From: Philosophers for Change:

(http://philoforchange.wordpress.com/2013/05/14/advocacy-philanthropy-and-the-leveraged-buy-out-of-public-schools-part-1/ ).

May 14, 2013

In a newly released book entitled The Gates Foundation and the Future of US Public Schools, author Kenneth Saltman argues that the entry into educational reform policies within the last decade by the Bill and Melinda Gates Foundation and other, what he calls “venture philanthropists”, is part of a broader ideological and economic trend.

More specifically, Saltman argues that this development is one connected to neo-liberalism and the shift from a capitalist industrial economy to a service oriented economy. Saltman continues by correctly identifying that this modification represents a shift from the public governance of education to that of the private governance of education subsidized by financial policies that squarely place the costs on the public [1].

But it is not so much the shift to a service economy but rather capitalism’s long trek from direct worker exploitation under industrialism that has morphed into placing working people in naked indebtedness and it is certainly part of the transformation of late-industrial capitalist production from a system of direct extraction of surplus value (profit) to profit extracted by ‘rent’; this is profit extraction by the accumulation of the surplus value that is socially produced.

From the captain’s seat of finance where the one percent sit with their hearts seemingly altruistic and their hands filled with largess, the exploitation of labor remains unseen, attired in monetary clothing that hides the particular nature of modern, financial capitalist exploitation. Production and surplus value extraction currently increasingly relies on pooled, socialized labor — that is, on workers who come together globally to combine their labor collectively on a large, almost unseen scale; hardly noticed even by the workers themselves.

This is very different than surplus value extraction based on one-on-one individual, capitalist exploitation. The rentier class is not on the factory floor, but remains globally aloof, alienated from the harsh realities of uber exploitation, yet profiting handsomely from the production of rent and the enlargement of debt. Saltman goes on to maintain that “venture philanthropy” differs greatly from the philanthropy of the past, such as organizations like the Ford Foundation, The Carnegie Corporation and the Rockefeller Foundation, all of which were implicated in ‘philanthropic giving’ throughout the 1900’s.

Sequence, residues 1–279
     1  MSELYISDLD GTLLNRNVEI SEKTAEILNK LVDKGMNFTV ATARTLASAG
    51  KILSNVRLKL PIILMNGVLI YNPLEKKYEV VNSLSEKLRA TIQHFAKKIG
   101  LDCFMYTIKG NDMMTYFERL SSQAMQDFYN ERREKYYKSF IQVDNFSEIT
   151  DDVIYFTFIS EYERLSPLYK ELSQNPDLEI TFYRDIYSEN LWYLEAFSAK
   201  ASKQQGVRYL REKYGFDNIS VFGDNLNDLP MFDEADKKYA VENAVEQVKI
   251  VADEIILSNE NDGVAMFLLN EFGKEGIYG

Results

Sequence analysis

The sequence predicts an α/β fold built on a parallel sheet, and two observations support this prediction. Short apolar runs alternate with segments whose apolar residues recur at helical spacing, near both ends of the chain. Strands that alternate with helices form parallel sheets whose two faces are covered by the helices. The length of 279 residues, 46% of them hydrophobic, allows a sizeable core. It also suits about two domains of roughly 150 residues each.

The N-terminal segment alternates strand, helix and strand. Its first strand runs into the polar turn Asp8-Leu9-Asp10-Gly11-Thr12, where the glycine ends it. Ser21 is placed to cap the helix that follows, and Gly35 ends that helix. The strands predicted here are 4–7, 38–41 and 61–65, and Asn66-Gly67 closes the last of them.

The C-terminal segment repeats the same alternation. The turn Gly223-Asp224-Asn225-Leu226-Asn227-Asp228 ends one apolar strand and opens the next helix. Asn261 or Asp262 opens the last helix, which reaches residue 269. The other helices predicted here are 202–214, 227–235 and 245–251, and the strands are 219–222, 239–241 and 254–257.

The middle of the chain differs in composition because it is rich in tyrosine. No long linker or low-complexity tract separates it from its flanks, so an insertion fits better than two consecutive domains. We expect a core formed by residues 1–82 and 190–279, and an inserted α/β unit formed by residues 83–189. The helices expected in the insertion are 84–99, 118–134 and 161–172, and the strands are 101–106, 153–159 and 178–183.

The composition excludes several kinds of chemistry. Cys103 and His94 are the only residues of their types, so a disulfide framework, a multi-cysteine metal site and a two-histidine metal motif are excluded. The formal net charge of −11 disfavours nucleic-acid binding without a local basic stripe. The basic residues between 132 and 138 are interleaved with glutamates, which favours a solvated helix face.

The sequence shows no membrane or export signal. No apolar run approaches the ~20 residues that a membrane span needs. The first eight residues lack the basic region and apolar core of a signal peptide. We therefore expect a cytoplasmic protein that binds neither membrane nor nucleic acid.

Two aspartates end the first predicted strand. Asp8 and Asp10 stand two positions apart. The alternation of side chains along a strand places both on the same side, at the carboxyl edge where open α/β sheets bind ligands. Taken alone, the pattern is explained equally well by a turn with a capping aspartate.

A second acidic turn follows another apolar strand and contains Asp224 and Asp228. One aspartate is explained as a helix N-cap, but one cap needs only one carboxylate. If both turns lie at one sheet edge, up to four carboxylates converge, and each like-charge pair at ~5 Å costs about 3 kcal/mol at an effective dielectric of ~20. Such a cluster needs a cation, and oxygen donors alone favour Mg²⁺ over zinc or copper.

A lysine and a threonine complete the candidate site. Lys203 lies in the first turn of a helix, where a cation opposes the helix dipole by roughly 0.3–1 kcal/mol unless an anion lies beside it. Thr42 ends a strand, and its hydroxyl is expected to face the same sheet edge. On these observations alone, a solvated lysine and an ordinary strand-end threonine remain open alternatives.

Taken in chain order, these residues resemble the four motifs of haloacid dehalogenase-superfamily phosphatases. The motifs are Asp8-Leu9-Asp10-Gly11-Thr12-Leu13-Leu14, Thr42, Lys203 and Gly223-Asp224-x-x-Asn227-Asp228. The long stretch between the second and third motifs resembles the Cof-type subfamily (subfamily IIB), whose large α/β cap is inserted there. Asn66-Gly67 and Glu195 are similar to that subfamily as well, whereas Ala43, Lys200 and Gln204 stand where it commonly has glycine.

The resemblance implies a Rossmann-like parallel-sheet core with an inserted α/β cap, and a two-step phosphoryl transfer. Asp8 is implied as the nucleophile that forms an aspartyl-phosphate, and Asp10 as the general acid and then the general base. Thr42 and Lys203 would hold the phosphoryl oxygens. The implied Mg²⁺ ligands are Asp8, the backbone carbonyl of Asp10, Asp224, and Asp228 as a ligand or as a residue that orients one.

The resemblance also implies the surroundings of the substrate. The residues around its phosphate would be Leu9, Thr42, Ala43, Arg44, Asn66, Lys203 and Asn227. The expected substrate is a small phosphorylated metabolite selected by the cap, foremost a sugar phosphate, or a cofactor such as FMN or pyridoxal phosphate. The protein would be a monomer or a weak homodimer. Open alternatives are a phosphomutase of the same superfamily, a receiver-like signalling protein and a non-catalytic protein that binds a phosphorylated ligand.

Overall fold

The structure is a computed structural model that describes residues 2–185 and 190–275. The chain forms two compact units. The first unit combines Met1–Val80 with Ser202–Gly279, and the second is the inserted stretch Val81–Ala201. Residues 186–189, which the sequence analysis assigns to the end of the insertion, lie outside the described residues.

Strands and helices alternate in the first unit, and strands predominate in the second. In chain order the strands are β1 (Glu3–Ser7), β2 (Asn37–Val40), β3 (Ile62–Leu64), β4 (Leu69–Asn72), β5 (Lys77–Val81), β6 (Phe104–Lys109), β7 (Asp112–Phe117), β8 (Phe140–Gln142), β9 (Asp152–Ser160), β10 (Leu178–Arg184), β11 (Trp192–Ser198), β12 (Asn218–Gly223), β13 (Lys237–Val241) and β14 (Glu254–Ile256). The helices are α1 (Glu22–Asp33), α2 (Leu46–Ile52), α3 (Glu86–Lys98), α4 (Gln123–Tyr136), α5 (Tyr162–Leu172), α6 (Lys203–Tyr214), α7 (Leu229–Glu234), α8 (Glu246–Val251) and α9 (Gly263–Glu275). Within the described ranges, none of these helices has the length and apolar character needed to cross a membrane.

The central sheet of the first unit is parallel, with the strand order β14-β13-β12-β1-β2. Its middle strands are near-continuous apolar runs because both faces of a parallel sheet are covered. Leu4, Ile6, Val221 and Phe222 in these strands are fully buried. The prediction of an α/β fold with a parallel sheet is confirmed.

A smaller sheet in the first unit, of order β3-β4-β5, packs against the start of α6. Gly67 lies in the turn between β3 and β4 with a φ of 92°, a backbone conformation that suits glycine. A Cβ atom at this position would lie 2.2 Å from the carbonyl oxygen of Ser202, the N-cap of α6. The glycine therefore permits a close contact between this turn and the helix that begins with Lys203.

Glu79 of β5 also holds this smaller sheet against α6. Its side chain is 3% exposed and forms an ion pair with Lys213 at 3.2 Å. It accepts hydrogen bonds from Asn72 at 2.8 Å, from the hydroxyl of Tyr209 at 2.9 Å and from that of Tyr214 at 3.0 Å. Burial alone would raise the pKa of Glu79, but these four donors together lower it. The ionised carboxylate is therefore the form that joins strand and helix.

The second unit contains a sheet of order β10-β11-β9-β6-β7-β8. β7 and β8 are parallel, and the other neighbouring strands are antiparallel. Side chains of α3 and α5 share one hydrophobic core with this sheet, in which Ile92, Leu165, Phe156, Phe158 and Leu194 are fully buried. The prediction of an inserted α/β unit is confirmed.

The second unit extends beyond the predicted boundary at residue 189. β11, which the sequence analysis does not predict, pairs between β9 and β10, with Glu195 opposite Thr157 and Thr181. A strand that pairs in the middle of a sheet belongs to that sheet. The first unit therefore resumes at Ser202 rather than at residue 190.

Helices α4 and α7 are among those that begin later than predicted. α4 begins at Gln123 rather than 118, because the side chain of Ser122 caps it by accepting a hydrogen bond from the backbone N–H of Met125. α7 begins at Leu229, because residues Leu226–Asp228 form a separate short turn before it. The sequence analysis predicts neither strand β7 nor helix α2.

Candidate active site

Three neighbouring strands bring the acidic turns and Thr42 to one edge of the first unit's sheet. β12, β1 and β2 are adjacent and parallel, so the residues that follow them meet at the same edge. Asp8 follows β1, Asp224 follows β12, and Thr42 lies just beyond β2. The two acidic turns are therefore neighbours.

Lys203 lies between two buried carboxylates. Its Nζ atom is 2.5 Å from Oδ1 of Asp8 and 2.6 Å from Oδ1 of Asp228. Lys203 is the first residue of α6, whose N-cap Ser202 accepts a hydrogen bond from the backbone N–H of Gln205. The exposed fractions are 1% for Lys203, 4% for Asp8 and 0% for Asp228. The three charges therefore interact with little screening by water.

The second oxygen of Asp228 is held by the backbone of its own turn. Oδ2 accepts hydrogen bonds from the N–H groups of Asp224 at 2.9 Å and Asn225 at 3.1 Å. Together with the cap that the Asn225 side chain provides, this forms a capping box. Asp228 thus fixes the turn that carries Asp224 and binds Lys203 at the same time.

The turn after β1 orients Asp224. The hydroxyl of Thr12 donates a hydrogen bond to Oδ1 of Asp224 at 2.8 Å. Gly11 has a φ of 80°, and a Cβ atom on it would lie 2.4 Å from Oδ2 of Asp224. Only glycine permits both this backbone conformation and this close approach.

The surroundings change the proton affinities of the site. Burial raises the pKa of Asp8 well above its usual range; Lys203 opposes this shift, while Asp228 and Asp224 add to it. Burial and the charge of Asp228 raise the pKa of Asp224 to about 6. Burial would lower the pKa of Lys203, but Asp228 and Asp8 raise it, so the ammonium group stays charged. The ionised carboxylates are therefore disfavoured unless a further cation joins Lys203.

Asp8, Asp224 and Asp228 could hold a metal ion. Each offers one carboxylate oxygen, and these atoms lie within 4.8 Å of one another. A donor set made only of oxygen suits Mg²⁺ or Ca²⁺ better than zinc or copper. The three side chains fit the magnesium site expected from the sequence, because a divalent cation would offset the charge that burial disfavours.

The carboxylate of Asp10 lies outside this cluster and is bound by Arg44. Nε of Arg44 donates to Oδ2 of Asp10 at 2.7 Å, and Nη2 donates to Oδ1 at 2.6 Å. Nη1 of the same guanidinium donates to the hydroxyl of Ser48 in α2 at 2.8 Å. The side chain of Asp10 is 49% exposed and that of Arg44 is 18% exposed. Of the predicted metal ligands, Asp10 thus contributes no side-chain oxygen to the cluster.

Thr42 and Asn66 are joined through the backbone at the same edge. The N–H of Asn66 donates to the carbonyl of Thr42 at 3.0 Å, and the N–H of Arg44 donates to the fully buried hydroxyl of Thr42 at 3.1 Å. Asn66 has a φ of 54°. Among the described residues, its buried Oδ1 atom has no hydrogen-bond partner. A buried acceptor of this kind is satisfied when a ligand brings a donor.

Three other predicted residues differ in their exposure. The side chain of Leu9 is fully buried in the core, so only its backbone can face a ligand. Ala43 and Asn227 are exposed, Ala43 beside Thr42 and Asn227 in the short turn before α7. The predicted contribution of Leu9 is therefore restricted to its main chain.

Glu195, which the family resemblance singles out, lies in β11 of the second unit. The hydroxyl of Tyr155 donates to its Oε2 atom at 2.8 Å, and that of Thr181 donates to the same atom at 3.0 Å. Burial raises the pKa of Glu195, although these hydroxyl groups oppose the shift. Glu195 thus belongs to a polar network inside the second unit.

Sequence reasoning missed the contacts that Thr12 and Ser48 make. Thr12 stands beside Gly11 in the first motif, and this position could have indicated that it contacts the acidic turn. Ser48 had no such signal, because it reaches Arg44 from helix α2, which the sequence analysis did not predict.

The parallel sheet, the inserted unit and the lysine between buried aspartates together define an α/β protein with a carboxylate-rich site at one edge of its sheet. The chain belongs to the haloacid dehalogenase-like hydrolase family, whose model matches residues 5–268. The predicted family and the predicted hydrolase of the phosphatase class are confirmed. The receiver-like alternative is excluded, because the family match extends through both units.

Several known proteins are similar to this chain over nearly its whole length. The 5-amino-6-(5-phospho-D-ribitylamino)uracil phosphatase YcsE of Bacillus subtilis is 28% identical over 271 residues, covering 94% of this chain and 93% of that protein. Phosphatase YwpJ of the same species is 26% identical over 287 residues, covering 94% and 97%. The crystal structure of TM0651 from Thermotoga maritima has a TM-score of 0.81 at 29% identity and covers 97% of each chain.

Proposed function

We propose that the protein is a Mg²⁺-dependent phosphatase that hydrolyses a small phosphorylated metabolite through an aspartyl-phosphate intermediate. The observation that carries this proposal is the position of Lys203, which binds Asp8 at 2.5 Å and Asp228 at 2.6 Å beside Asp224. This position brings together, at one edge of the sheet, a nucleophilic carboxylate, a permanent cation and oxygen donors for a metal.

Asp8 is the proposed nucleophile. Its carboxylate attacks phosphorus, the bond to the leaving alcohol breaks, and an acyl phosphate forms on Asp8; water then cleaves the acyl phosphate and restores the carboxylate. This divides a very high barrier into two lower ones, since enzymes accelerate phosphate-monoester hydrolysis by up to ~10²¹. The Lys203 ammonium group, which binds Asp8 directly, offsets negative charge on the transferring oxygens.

He also attributes this to the shift in capitalist production. However, Saltman additionally contends that prior philanthropic efforts of, let us say, Carnegie or Rockefeller were driven by a sense of moral obligation. This author disagrees. So-called philanthropic efforts by the captains of industry, seen most glaringly in the 1900’s and especially following the Gilded Age of capitalism, were hardly moral obligations in the sense of benefiting people; they represented instead conservative ideological efforts to harness support for industrial capitalism in general and thus served as both ideological gatekeepers and as grist for the mill in developing a cadre of capitalist administrators and managers who would oversee the collection of surplus value, or profits in an age of industrial capitalist development.

To be fair, Saltman does acknowledge the role of philanthropy historically when he points to the fact that philanthropy has always had the consequence of financial benefits for elites and the diffusion of class antagonisms for working people [2]. I certainly agree, and while this article will eventually speak of the former, it is the latter that is of particular interest here.

Philanthropic giving has always had as its intent the hegemony of elite class interests and assuring what Walter Lippmann labeled “the manufacture of consent”, specifically by casting the central characters in the ‘giving scheme’ in the light of beneficence while in reality legitimizing a system that is truly malfeasant in both character, morality, intent and ideology.

All of this contributes to the development of false consciousness among working people and the general public who begin to align their interests with those of the capitalist class. Whether it is John D. Rockefeller shown in newsreels handing out dimes to the indigent during the Great Depression of 1929 or the building of schools by Henry Ford and other philanthropists, the true nature of their so-called philanthropic intent was to assure that an exploited working class would never become class conscious and would remain dependent on the capitalist class. Thus it is this cultural and psychological factor of crass manipulation that lies hidden behind the shadows of what appears to be a charitable purpose.

Read more at the website above and thank you to Philosphers for Change for their excellent work and contributions to creating a new society!

Part two will be out next week!